var bus = new { Id = 1, BusType = "A/c Bus", Version = "2.0" };
            return Ok(bus);
        }
    }
}
Startup.cs:
public void ConfigureServices(IServiceCollection services)
{
 services.AddControllers();
 services.AddApiVersioning(options =>
 {
  options.AssumeDefaultVersionWhenUnspecified = true;
 });
}
Now run the application and test the URL with both versions

Versioning At Action Methods:

A controller can be decorated with multiple versions and Action methods in it can be decorated with the respective version number using [MapToVersion('your_version_number')]. Let's test it by creating a new example controller as below.
ChocolateController.cs:

[ApiVersion("1.0")]
[ApiVersion("2.0")]
[Route("api/[controller]")]
[ApiController]
public class ChocolateController : ControllerBase
{
 [HttpGet]
 [Route("")]
 public IActionResult Get()
 {
  var chocolate = new { Id = 1, Name = "Kit Kat", Version = "1.0" };
  return Ok(chocolate);
 }

 [HttpGet]
 [Route("")]
 [MapToApiVersion("2.0")]
 public IActionResult GetV2()
 {
  var chocolate = new { Id = 1, Name = "5 star", Version = "2.0" };
  return Ok(chocolate);
 }
}
Here controller was decorated with 2 versions and "GetV2()" action method was mapped to version "2.0" and "Get()" action method by default takes version "1.0". If you don't specify '[MapToApiVersioion("")]' to an action method when the same route is mapped to multiple action methods web API throws an error stating that 'multiple actions are matching'.
Now to work this versioning with conventional based routing update the code as below.
ChocolateController.cs:
namespace Web.API.VersioningTest1.Controllers
{
    [ApiVersion("1.0")]
    [ApiVersion("2.0")]
    public class ChocolateController : ControllerBase
    {
        [HttpGet]
        public IActionResult Get()
        {
            var chocolate = new { Id = 1, Name = "Kit Kat", Version = "1.0" };
            return Ok(chocolate);
        }

        [HttpGet]
        [ActionName("Get")]
        [MapToApiVersion("2.0")]
        public IActionResult GetV2()
        {
            var chocolate = new { Id = 1, Name = "5 star", Version = "2.0" };
            return Ok(chocolate);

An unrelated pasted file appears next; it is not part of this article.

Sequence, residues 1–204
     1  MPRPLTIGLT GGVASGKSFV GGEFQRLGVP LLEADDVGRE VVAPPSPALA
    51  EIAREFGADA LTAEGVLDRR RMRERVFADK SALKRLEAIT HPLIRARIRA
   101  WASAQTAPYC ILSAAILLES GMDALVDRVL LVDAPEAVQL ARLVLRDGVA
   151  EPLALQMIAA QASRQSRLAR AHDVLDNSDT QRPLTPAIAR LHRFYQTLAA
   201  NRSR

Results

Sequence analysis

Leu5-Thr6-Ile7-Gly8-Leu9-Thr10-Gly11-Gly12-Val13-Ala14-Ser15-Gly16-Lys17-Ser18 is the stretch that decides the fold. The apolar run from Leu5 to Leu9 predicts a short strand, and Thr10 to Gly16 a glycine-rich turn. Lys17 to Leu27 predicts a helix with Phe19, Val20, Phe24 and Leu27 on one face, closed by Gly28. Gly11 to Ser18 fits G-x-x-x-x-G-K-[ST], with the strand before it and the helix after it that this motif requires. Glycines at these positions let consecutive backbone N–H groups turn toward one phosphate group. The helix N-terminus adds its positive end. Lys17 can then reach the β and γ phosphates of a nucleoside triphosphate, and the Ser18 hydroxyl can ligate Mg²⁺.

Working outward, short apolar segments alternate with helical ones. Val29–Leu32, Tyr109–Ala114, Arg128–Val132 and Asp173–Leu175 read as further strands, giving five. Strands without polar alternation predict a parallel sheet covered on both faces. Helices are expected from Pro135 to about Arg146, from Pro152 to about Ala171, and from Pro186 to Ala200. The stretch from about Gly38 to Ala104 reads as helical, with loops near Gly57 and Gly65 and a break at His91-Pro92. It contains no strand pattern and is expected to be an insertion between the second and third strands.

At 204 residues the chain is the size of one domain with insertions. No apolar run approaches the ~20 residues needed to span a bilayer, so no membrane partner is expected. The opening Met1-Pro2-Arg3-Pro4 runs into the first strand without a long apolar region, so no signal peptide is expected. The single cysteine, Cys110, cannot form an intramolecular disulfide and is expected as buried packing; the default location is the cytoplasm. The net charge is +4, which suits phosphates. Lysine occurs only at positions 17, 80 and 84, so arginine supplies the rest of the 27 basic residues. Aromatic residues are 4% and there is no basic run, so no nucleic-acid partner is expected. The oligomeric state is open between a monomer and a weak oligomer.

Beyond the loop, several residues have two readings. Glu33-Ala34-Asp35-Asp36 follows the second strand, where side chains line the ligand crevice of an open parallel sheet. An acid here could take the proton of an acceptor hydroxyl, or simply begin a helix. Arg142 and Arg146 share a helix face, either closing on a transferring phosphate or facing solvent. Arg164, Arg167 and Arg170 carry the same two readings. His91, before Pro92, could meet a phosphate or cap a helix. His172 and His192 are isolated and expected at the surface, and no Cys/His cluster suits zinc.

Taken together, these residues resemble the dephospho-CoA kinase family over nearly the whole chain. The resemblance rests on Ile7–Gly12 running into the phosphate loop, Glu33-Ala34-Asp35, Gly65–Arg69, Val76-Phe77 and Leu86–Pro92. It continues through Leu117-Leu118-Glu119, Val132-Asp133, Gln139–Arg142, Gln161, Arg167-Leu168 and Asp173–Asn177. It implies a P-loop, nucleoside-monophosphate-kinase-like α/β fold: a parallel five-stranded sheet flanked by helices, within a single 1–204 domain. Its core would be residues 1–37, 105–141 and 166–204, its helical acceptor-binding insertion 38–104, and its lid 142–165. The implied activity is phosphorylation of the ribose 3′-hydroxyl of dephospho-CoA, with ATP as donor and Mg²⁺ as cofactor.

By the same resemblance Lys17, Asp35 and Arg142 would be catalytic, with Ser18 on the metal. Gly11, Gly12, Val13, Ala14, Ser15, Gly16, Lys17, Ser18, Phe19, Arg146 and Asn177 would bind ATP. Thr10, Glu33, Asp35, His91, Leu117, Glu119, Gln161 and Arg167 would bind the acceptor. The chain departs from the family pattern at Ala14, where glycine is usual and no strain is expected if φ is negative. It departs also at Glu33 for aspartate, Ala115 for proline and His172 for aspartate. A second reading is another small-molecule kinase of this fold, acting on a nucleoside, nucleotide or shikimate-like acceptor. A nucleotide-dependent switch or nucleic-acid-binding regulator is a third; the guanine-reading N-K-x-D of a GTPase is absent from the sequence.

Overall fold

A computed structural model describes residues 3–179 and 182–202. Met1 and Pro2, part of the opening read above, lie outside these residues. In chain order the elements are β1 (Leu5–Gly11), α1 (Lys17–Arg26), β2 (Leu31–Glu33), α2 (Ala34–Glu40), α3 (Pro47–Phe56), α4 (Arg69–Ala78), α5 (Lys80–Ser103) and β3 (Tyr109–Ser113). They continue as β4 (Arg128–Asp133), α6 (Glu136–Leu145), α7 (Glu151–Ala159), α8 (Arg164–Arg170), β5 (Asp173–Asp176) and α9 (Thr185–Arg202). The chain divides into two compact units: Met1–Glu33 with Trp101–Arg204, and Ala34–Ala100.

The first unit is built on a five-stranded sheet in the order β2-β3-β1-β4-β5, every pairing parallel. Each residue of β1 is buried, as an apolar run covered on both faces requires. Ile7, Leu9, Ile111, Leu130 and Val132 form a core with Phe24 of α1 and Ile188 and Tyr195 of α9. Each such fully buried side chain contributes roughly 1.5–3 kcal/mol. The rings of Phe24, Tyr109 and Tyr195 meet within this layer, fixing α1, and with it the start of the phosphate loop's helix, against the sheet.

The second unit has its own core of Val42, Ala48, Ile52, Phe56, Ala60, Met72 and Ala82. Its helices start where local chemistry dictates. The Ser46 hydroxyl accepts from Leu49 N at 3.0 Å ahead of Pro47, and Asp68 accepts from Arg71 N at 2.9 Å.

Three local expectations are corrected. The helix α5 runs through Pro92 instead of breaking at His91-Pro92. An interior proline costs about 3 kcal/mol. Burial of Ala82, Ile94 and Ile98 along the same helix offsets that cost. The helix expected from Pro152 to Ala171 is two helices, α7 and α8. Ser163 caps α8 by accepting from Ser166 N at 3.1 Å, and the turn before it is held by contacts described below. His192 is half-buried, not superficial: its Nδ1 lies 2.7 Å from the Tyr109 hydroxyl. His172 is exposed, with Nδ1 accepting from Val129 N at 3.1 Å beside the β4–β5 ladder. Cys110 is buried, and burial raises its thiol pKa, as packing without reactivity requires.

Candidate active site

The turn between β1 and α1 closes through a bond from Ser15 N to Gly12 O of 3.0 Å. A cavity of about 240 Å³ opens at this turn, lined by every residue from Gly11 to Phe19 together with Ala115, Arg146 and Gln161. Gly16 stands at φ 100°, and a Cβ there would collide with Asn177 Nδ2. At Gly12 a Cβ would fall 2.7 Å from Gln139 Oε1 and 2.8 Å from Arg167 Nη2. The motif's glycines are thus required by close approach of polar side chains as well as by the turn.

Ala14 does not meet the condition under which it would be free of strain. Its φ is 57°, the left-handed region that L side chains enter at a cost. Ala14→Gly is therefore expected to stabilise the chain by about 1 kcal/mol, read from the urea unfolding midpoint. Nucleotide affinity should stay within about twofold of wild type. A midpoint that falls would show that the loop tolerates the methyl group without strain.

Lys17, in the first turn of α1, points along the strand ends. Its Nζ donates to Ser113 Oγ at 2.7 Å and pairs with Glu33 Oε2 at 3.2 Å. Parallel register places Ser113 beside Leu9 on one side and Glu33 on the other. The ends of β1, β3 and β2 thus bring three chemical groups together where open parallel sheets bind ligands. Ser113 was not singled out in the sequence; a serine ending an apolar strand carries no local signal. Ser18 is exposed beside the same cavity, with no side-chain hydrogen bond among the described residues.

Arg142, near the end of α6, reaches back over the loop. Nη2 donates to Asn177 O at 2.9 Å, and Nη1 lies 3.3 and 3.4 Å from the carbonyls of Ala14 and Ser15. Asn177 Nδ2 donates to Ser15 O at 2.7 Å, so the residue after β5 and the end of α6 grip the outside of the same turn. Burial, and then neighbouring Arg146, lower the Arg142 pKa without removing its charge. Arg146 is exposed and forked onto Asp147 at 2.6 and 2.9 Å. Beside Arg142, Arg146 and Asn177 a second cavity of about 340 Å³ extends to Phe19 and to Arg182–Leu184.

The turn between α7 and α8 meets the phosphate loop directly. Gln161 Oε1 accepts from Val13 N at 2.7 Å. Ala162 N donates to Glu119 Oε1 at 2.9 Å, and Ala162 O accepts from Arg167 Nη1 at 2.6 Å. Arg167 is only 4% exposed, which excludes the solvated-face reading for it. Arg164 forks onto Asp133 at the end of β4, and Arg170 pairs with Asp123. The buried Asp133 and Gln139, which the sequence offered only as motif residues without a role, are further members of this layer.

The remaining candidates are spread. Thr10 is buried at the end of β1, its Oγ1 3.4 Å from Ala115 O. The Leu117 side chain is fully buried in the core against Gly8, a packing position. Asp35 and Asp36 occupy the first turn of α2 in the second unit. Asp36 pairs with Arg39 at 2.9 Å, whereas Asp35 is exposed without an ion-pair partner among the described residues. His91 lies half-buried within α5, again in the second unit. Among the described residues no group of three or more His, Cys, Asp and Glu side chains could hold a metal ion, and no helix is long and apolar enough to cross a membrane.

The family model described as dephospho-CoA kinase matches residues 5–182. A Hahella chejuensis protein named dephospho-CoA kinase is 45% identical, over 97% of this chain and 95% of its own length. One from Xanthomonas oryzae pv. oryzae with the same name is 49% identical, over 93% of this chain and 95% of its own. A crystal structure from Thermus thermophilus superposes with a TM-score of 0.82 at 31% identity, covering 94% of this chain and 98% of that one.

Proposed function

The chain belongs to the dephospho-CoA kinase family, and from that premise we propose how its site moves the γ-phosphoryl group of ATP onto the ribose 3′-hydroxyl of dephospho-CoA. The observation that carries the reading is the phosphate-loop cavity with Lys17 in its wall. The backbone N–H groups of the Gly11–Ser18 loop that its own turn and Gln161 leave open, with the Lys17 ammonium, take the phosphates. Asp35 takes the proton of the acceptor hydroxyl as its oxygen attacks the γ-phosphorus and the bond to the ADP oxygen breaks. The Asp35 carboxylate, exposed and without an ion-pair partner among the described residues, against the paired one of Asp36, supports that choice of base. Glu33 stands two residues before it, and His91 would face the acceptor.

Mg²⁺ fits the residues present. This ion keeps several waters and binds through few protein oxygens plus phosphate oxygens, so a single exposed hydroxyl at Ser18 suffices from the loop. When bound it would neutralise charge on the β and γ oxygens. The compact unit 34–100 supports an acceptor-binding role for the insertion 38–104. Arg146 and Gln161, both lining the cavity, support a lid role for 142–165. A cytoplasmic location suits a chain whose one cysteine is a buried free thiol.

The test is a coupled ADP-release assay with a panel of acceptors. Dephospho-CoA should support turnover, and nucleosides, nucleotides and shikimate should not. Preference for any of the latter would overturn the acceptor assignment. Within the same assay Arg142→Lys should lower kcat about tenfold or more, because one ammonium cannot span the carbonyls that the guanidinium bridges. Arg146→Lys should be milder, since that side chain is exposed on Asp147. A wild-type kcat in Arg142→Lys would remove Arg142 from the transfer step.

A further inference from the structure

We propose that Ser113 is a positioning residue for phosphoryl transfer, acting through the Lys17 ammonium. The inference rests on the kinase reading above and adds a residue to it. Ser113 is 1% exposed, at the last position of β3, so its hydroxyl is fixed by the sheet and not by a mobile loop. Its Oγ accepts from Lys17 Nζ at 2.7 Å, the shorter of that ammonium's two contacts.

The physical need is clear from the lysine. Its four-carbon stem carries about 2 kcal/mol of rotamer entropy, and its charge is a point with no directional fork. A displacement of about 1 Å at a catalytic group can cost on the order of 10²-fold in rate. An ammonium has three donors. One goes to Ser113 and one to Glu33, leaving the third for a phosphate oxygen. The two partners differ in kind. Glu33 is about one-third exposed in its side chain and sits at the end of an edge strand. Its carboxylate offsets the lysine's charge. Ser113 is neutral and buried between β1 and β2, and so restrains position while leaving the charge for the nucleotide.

}
    }
}
[ActionName('Get')] attribute helps route to pick the action method based on the version.
Startup.cs:
app.UseEndpoints(endpoints =>
{
endpoints.MapControllerRoute(
 name: "chocolate_route",
 pattern: "chocolate",
 defaults: new { controller = "Chocolate", action = "Get" }
 );

endpoints.MapControllers();
});

public void ConfigureServices(IServiceCollection services)
{
 services.AddControllers();
 services.AddApiVersioning(options =>
 {
  options.UseApiBehavior = false;
  options.AssumeDefaultVersionWhenUnspecified = true;
 });
}

Query String Versioning:

Default versioning enabled was Query String Versioning, till now all samples are done using Query String Versioning. 'api-version' is the query parameter to pass the version number to API.

URL Path Versioning:

In this approach, the version will be part of the URL. This approach does not allow any implicit versioning like in Query String Versioning, So all endpoints need to be registered with the API version attribute explicitly.
Url Path Versioning Ex: "https://someexample.com/v1/test", "https://someexample.com/v2/test".
'v1/BusController.cs':
namespace Web.API.VersioningTest1.Controllers.Buses.v1
{
    [ApiVersion("1.0")]
    [Route("api/v{version:apiVersion}/[controller]")]
    [ApiController]
    public class BusController : ControllerBase
    {
        [HttpGet]
        [Route("")]
        public IActionResult Get()
        {
            var bus = new { Id = 1, BusType = "Sleeper Bus", Version = "1.0" };
            return Ok(bus);
        }
    }
}
'v2/BusController.cs':
namespace Web.API.VersioningTest1.Controllers.Buses.v2
{
    [ApiVersion("2.0")]
    [Route("api/v{version:apiVersion}/[controller]")]
    [ApiController]
    public class BusController : ControllerBase
    {
        [HttpGet]
        [Route("")]
        public IActionResult Get()
        {
            var bus = new { Id = 1, BusType = "A/c Bus", Version = "2.0" };